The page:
Blades of the Northwest Passage

Blades of the Northwest Passage.

The Northwest Passage is a fascinating place, to say the least.

Inuksuit in Kugluktuk
Inuksuit in Kugluktuk

I remember reading numerous accounts of early exploration, specifically Roald Amundsen’s account of this place. He was Captain of the Gjoa. The first boat to sail through the Northwest Passage. Amunsdsen was successful in this for many reasons. I would describe his approach as one of patient tenacity, with appreciation for the moment.

Empiricus.  Awaiting the 2014 Thaw in Cambridge Bay.  Photo by Red Sun Productions
Empiricus. Awaiting the 2014 Thaw in Cambridge Bay. Photo by Red Sun Productions

While reading his journals last year, in preparation for our voyage,. I read how he traded so successfully with the Inuit. He told in his logs, how nearly all loose metal objects on the boat were turned into knives. These knives were specifically made for trade, at the request of the Inuit people. They recognized that a steel blade, even an inch long, could improve their lives. And so these blades did change the lives of many families in those years.

These were a people so adaptive that they lived comfortably n the icy north for eons. Then came the so-called “superior” explorers, with all the modern inventions of man, trying to “conquer” the Northwest Passage.

Many of those men died by the shipload, steel blades and all, because they lacked the humility to learn from “Barbarians” – the term given to the Inuit by early explorers. This stark contrast in perspective between the two cultures rang powerfully with me. But not all explorers were obtuse to the ways of the native people.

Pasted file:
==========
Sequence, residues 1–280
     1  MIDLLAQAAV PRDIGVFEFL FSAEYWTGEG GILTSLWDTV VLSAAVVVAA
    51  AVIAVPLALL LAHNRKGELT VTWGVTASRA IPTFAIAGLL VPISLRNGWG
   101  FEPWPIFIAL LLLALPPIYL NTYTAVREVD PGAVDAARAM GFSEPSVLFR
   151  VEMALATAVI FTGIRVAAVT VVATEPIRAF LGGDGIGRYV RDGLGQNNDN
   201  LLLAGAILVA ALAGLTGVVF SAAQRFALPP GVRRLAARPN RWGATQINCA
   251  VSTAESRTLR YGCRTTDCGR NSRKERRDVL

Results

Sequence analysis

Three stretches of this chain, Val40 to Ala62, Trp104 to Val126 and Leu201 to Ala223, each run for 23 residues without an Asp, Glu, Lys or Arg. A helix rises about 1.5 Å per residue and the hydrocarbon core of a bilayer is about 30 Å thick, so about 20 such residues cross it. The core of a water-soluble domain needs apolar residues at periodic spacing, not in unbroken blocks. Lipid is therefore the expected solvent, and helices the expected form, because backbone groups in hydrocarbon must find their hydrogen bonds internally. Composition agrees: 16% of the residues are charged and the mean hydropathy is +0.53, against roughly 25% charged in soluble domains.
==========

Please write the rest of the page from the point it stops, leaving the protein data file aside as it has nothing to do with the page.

Amundsen was the exception. He learned from the Inuit, co-habituated with them and developed a respectful and advantageous relationship with the people of the North.

A side note on Amundsen. I studied him in detail for one reason. He made it through. Sure many other explorers had fascinating stories full of entertaining drama. But I was not interested in studying dramatic failure. I was interested in the mindset and preparation of an exploratory tactician. And in that realm. Amundsen stands at the top of the heap.

Having done this reading beforehand, I felt very in touch with Cambridge Bay when we arrived there. In fact, from Cape Bathurst eastward, my heart was tugged toward the past, the history I knew of, and the people I had studied.

As you may remember from previous posts, we had some time to spend in Cambridge Bay. We began to blend with its people and its history. Our activities were very limited, by budget and locale. Any entertainment had to be fun, free and within walking distance.